What was the really that driver for you to get directly out of publishing and into SAS?
Bruno Bornsztein Well, I mean, so InfluenceKit was really an internal product. So, I actually wrote the first lines of code for InfluenceKit in 2011 as a tool to manage Curbly. So, you know, 2011, currently we were publishing four or five pieces of content every day. We had, you know, a team of anywhere between, you know, five and ten freelance writers that we had to manage.
And I looked around and just couldn't find a project management tool that I thought worked. I tried Basecamp and Trello and whatever, a bunch of different things. So, I just built InfluenceKit, or, you know, at that, wasn't called that, but I built this internal tool to help manage our team. And we continued using that tool, you know, for years, you know, all the way through 2017. And in 2017, I started kind of showing that tool to other publishers, you know, other people that I knew, a few other bloggers, and realizing that, wait a second, this internal tool that works so well for us actually could be a product.
You know, it's kind of silly that it took me so long to figure that out, but, yeah, so that's kind of what happened. 2017 I started showing it to people. A few people that I showed it to, you know, the feedback was really strong, and realize that that could be a new opportunity for me.
And so I was excited to just try something new. I had been doing the digital publishing thing for a long time. And it was just kind of ready to shift gears and, you know, work more on the product development side of things.
Ben Aston Cool. And so for those people who aren't familiar with InfluenceKit, give us the elevator pitch. Help us understand who it's for and yeah, what the benefits are?
Bruno Bornsztein Yeah. So, InfluenceKit is for content creators and brands that want to build stronger relationships. And we help them do that by making reporting on their influencer marketing really easy and automatic. So, if you are a content creator and you are trying to work with brands, you need to prove your ROI to them.
You have to be able to show them how the content that you created for them performed. And you can do that today by, you know, this manual time-intensive method of going into every platform and pulling the numbers and putting it into a spreadsheet or something. But influencers, content, creators, they just have a lot to do and they don't really have time for something like that.
So, InfluenceKit just automates that whole process. From the brands point of view, you know, InfluenceKit allows brands to work with content creators really seamlessly and to get stats from all of the creators that they work with in a nice, consistent uniform format. So, you're not getting, you know, screenshots from Bruno and a spreadsheet from Ben.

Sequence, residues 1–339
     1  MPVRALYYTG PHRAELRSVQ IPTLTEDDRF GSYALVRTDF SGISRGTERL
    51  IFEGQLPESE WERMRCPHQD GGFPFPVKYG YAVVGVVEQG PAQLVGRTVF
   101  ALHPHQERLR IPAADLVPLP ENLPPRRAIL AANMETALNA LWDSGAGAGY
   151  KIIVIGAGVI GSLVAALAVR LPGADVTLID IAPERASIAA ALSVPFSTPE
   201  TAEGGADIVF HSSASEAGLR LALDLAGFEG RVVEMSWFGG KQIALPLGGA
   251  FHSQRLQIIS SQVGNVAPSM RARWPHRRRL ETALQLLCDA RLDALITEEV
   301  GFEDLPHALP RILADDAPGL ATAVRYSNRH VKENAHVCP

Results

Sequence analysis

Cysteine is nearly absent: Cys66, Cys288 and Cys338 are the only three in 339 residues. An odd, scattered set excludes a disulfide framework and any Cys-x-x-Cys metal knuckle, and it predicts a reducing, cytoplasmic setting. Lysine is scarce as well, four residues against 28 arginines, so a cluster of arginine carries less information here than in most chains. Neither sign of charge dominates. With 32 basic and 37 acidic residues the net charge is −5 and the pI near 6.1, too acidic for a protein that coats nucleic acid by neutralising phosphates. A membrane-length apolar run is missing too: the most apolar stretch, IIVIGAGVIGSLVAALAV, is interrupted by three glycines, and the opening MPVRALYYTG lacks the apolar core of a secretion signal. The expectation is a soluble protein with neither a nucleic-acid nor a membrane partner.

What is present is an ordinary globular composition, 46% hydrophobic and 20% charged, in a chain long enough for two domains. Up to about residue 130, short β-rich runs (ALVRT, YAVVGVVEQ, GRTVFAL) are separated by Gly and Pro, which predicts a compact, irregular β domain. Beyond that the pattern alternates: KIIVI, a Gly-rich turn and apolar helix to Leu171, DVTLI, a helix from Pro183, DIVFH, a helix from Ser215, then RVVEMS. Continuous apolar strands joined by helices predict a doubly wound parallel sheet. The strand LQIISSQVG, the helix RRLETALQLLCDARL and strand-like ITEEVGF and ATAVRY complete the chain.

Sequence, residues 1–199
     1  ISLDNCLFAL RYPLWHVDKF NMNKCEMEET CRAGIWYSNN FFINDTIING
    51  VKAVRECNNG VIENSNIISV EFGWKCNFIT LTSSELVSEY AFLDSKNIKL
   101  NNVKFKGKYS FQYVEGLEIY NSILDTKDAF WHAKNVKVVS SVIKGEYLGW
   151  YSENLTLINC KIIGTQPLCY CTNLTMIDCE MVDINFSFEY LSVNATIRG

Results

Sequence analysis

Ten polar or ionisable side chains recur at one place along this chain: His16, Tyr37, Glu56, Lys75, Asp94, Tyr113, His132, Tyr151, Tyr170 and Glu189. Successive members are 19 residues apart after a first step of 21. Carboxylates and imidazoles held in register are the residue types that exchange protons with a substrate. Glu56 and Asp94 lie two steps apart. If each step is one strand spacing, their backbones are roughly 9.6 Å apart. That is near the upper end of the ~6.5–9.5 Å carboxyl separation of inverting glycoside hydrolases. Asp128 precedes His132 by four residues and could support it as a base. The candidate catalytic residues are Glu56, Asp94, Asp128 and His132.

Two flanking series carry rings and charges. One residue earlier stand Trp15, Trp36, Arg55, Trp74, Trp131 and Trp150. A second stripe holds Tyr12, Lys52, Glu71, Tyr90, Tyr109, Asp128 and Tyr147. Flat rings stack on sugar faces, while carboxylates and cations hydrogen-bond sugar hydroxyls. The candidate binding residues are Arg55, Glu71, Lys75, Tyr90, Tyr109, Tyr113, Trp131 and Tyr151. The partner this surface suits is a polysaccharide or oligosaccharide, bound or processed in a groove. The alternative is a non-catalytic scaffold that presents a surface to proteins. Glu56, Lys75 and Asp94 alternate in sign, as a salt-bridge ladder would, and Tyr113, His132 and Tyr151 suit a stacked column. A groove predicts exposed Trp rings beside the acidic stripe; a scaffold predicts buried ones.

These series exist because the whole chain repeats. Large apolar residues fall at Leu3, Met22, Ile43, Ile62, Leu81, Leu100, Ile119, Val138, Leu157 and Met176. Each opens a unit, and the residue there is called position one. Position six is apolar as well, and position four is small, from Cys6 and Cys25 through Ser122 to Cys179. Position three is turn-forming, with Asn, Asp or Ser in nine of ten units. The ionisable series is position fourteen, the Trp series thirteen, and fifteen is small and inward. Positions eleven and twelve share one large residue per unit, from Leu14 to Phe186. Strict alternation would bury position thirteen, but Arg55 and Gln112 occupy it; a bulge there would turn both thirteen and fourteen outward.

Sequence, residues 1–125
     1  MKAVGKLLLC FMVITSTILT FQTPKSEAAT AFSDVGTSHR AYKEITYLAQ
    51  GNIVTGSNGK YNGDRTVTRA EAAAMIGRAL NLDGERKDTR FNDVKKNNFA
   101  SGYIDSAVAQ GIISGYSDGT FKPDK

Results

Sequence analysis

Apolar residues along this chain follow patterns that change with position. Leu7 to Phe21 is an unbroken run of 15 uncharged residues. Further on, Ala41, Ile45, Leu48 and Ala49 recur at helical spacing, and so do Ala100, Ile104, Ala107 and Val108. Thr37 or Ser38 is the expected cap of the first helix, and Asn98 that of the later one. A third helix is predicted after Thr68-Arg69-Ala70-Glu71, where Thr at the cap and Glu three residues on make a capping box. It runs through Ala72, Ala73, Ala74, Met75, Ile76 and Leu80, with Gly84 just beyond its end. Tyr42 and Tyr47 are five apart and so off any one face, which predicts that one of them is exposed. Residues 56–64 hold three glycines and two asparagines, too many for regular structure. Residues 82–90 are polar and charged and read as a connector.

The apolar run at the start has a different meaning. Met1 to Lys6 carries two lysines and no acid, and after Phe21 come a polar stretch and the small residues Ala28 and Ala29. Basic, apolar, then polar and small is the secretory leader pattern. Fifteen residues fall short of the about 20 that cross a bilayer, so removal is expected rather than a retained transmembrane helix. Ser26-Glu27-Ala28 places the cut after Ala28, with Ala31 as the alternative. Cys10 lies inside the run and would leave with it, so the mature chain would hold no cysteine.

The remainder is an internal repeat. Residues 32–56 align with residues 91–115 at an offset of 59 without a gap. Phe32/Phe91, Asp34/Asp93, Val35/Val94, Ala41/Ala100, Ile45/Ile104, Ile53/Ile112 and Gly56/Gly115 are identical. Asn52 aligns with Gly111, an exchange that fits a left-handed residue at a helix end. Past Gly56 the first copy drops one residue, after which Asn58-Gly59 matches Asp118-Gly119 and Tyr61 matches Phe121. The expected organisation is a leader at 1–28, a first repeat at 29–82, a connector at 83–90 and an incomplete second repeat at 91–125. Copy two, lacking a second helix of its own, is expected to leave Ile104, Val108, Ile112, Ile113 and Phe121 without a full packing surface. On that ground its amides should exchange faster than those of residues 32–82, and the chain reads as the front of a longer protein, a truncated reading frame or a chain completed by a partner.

You're getting an InfluenceKit report from everybody that you can actually do something with so that you can understand, you know, the ROI that you're getting from these collaborations as well.
Ben Aston Cool. And so in terms of proving that ROI, because I think, I mean, this is what about helping people prove their value and ROI.
So, what are the metrics that you track in InfluenceKit? And why do you think those metrics are valuable? Because I'm guessing we're not actually tracking to sale so, or purchase. So, how do you, what for you, as you're thinking about content creators and the value they can provide, what do you think is the most important metric in terms of proving ROI?
Bruno Bornsztein Yeah. Great. Really good question. And I like that, you know, you bring up the question of do we track the sale, right? I think influencer marketing is sometimes misunderstood, you know. If you just want to track sales, there's something for that and it's called affiliate marketing. You just give somebody an affiliate code and whoever sells the most widgets for you, you'll know it. It'll be in your dashboard and you just give them a commission. And that's fine.
Affiliate works really, really well for certain kinds of brands, for certain kinds of objectives, right? So if your objective as a brand is like sell X more widgets, then sometimes an affiliate partnership might work. But influencer marketing, as I see it, is about branding and messaging, right? It's not just we want to sell more of these things.
It's, we want to tell a story about our brand. We want to shape, you know, an audience's opinion about our product. And that's not something that you can necessarily measure with like, how many things did we sell? So InfluenceKit, the metrics we focus are on our impressions, views, and engagements.
Impressions is just the broadest measure. Like, okay, how many people were exposed to these messages, to this content? Views is a little bit, you know, another level higher. How many people actually not only did were they exposed to it, but they actually read it. They came to the blog posts, they clicked play on the video.
And then engagements is, did they interact with the content? You know, click on it, comment, like share, wow, whatever the different reactions are. But the point is, at that point you know you're now you're starting to see a story of like, okay, how did we actually, how did our content resonate with a particular audience of people?
So those are the metrics we're interested, but at the same time, our, if you look at our reports, the metrics are kind of on an equal level as the content itself. Because what we want everybody who's involved to really understand that this is about creating amazing quality content. It's not, the ultimate report that you see in InfluenceKit is not a spreadsheet with a bunch of numbers on it. Because that's only like half the story.
That's just telling you how the metrics performed, but you really need to see the content to understand what this collaboration was all about and whether you really got what you consider to be a good return on your investment.
Ben Aston So in terms of, then putting dollars to these investments. So how do you, how do people use InfluenceKit to drive up their value with brands? Have you seen how that dynamic works?